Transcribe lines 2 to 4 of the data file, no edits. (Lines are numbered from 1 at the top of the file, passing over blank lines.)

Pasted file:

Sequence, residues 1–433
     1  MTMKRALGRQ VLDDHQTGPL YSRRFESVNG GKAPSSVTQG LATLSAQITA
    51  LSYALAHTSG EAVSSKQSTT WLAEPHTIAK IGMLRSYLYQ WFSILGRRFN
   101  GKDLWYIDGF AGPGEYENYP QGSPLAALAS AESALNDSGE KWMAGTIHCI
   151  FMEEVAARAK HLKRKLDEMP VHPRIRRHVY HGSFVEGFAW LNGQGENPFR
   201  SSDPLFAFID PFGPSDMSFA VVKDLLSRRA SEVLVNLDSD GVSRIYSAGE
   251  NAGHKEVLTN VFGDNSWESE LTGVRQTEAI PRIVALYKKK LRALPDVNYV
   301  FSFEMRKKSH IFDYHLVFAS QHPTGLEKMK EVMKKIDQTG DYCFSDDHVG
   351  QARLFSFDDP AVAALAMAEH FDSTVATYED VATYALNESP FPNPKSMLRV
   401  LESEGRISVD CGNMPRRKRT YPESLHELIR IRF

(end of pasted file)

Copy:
     1  MTMKRALGRQ VLDDHQTGPL YSRRFESVNG GKAPSSVTQG LATLSAQITA
    51  LSYALAHTSG EAVSSKQSTT WLAEPHTIAK IGMLRSYLYQ WFSILGRRFN
   101  GKDLWYIDGF AGPGEYENYP QGSPLAALAS AESALNDSGE KWMAGTIHCI